On top of uncertainty regarding future federal funding availability, Montgomery County has nearly completed projects from its last $280 million mobility bond, approved by voters in 2015. Early 2022 marks the expected completion of the last Montgomery County Precinct 3 project, a $3.57 million widening of Kuykendahl Road between Research Forest and Lake Woodlands drives.

Although a new major thoroughfare plan was approved by county commissioners in 2021, discussion of plans for a new bond had not started as of early 2022.

However, Precinct 2 completed a mobility study in 2021, removing several projects that residents opposed, including the possibility of a Woodlands Parkway extension. Precinct 2 only touches The Woodlands at the north and western borders, but collaboration is needed between precincts at highly traveled points around those boundaries, officials have said.

For example, one area where collaboration would be needed for a project is at the heavily trafficked intersection of Research Forest Drive and Grogans Mill Road. Montgomery County Precinct 3 Commissioner James Noack stated in mid-December there are no plans for overpass or underpass at the intersection.

On the west side of The Woodlands, although a long-discussed Woodlands Parkway extension was removed from the county’s thoroughfare plan, officials have said a project underway to extend Woodtrace Boulevard from Hwy. 249 to FM 2978—about a quarter-mile south of the Woodlands Parkway—amounts to the same thing.

“The Woodlands Parkway extension, now rebranded Woodtrace Extension, will drive traffic into the western parts of The Woodlands,” Gordy Bunch, chair of The Woodlands Township board of directors, said in an email.

Michael Rusk, transportation vice president with LJA Engineering—which is overseeing the Woodtrace Boulevard project being funded by Westwood Magnolia Parkway Improvement District, Montgomery County Precinct 2 and several developers—said the extension will be a two-lane road with right of way for up to four lanes as funding allows. The first phase was completed in 2021, and the remaining phases will go out to bid this year, he said.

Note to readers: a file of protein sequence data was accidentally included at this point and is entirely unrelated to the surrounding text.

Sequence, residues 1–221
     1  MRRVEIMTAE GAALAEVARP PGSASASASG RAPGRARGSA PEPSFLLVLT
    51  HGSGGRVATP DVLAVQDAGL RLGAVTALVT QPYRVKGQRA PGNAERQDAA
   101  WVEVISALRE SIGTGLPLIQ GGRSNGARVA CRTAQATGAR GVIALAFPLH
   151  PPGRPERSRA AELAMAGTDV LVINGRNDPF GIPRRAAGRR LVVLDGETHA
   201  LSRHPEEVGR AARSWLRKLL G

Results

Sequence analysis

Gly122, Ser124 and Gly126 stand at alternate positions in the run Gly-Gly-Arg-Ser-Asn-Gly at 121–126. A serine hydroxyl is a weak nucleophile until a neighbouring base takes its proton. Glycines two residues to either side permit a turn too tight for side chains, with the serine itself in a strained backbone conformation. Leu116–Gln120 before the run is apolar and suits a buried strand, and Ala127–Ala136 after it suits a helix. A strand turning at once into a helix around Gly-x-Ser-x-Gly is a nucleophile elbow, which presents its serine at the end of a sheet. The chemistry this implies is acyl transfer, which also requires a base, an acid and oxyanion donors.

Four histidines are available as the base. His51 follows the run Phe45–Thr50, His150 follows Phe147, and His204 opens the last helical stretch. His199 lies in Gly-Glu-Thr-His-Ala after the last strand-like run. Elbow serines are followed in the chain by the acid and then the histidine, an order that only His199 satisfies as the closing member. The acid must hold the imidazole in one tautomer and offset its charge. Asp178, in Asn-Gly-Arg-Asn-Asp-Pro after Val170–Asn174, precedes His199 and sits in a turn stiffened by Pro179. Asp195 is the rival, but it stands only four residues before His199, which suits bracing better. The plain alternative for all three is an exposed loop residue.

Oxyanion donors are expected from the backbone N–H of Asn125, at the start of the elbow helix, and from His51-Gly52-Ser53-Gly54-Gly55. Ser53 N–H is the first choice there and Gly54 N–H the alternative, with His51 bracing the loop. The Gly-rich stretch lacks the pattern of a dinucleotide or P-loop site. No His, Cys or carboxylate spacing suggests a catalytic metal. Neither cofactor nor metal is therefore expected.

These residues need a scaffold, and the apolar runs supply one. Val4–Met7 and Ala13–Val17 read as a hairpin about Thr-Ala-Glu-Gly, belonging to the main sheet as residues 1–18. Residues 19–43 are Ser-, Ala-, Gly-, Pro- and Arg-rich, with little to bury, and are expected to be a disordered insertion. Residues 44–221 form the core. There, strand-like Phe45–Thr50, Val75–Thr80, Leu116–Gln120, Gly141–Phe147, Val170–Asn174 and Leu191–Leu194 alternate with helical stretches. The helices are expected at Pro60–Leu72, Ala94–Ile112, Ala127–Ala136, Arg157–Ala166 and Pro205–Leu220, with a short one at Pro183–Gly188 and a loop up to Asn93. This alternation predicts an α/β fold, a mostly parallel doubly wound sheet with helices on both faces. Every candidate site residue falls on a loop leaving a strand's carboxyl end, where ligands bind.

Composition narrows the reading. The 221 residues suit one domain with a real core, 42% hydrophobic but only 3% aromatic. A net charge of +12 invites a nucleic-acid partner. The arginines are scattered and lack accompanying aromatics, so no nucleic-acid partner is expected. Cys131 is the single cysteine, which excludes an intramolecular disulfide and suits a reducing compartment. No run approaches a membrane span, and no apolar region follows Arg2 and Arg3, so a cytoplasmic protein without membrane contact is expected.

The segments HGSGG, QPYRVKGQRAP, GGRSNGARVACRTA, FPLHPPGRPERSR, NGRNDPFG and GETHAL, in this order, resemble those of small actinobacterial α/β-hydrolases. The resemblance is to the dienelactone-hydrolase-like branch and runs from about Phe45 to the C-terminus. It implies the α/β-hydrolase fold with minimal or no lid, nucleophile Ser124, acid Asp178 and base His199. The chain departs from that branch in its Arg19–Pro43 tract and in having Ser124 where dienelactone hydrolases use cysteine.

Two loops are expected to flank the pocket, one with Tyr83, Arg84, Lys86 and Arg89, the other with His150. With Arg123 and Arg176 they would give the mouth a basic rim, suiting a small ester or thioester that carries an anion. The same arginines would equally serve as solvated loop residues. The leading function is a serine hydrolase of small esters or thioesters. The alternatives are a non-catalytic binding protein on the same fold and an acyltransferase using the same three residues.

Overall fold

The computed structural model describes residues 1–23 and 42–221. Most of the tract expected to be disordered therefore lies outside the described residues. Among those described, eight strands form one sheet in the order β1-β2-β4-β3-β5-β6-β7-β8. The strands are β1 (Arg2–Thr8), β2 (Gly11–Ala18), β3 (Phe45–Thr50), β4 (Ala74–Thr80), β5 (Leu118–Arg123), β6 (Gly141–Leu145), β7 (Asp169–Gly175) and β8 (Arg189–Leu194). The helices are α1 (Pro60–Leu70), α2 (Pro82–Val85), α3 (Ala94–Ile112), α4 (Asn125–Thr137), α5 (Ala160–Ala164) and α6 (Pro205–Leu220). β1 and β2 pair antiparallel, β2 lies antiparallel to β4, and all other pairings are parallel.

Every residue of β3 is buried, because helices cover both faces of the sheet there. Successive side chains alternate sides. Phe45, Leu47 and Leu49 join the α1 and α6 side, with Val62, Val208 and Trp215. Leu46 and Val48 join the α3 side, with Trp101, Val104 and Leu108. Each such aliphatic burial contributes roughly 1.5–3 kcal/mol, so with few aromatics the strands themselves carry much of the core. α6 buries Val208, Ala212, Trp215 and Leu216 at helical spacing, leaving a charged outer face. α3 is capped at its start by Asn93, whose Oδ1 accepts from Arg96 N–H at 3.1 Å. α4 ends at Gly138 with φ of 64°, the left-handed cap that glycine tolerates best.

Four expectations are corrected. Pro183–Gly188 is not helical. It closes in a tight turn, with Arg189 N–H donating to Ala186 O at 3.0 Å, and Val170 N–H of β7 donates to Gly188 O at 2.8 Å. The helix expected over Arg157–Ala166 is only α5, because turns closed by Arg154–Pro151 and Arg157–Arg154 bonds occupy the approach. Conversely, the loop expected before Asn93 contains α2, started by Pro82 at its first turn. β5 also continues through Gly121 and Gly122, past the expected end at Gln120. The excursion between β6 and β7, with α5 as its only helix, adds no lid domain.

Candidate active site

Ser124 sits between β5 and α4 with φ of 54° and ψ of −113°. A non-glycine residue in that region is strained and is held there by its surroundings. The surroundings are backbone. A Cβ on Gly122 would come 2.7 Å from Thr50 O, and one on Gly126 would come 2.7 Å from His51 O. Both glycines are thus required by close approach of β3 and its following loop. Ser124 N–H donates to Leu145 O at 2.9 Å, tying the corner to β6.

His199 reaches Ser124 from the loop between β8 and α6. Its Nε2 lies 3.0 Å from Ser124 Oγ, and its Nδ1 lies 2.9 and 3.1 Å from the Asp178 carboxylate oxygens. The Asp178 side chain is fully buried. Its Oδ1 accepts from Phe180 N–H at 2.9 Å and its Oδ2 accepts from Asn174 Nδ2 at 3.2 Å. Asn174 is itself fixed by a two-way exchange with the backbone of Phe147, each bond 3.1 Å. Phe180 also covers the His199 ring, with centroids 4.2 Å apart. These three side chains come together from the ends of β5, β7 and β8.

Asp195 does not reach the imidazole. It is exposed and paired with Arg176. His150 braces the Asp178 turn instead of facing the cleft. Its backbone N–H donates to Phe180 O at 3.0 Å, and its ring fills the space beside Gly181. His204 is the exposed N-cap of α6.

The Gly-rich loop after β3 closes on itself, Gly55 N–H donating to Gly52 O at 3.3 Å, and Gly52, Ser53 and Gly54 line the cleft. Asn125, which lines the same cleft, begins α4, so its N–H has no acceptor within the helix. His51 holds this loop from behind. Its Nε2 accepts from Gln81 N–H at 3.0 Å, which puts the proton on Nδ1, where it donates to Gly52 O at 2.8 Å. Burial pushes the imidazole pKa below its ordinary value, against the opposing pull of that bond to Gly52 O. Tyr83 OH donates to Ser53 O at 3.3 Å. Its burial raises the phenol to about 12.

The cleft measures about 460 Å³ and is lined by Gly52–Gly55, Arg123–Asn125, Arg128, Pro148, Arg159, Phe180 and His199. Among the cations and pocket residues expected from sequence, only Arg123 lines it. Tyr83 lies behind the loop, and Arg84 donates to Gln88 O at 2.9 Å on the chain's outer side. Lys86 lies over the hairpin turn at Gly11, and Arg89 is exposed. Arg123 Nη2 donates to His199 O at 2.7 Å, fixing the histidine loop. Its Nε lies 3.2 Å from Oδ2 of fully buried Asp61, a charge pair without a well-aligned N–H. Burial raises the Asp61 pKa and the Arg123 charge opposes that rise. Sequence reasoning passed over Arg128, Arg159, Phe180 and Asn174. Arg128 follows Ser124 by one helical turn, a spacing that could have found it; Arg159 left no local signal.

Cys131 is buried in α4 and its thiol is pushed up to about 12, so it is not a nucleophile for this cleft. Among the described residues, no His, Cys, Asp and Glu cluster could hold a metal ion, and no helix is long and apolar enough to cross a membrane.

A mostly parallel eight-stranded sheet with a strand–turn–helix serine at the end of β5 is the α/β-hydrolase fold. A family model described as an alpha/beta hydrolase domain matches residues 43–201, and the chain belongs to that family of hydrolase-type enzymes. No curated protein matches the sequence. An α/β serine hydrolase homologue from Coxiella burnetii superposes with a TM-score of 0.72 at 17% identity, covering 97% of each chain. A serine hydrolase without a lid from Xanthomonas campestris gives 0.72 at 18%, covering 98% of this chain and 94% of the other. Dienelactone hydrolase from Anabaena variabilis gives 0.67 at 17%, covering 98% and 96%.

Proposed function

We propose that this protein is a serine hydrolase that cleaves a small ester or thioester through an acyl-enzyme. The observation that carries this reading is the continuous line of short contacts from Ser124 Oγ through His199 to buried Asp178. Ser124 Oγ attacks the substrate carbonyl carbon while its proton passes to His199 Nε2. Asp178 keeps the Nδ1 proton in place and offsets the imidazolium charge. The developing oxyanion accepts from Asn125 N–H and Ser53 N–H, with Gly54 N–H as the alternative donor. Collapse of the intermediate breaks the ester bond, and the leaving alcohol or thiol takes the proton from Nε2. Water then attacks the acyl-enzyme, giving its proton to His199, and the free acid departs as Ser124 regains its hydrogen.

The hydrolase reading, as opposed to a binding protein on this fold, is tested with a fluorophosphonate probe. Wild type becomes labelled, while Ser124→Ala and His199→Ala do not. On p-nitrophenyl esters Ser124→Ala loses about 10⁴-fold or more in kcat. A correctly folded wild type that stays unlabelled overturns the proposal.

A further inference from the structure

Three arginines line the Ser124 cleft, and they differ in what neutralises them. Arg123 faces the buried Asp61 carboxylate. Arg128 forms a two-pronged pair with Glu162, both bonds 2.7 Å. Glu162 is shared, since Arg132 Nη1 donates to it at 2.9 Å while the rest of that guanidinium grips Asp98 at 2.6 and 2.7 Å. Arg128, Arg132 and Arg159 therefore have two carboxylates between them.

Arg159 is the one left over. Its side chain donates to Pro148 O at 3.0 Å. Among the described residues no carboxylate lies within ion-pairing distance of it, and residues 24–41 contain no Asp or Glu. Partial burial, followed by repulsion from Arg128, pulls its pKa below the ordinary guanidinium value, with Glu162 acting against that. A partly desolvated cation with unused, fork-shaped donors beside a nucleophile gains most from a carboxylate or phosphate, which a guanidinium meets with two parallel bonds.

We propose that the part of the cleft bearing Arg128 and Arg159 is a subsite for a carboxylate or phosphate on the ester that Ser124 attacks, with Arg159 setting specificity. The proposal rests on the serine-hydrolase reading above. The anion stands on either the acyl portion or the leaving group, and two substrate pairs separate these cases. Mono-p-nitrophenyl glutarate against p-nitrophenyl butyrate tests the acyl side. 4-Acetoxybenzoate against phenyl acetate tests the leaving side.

Regional challenges

Officials are also grappling with the challenge of a forthcoming precinct boundary change in Harris County, where the portion located in The Woodlands will change from Precinct 4 to Precinct 3 in 2022. According to Precinct 4 officials, litigation on the matter is before the Texas Supreme Court, but the new precinct lines are scheduled to take effect in late March.

Victoria Bryant, assistant director of the Precinct 4 infrastructure division, said the two precincts are working together to ensure a smooth transition pending the final outcome of redistricting litigation.

“[Precinct 3] Commissioner Tom Ramsey and [Precinct 4] Commissioner R. Jack Cagle are often heard referring to their areas of service as being ‘Precinct 7’ to emphasize that all of the 2.3 million people that have been transmigrated from either Precinct 3 to 4 or from 4 to 3 will be served,” Bryant said.

In The Woodlands area, Harris County projects affecting Gosling Road are underway, including an $8.2 million joint project with Montgomery County Precinct 4 to widen the road and build a bridge over Spring Creek. Additional widening will take place between West Rayford Road and Creekside Forest Drive.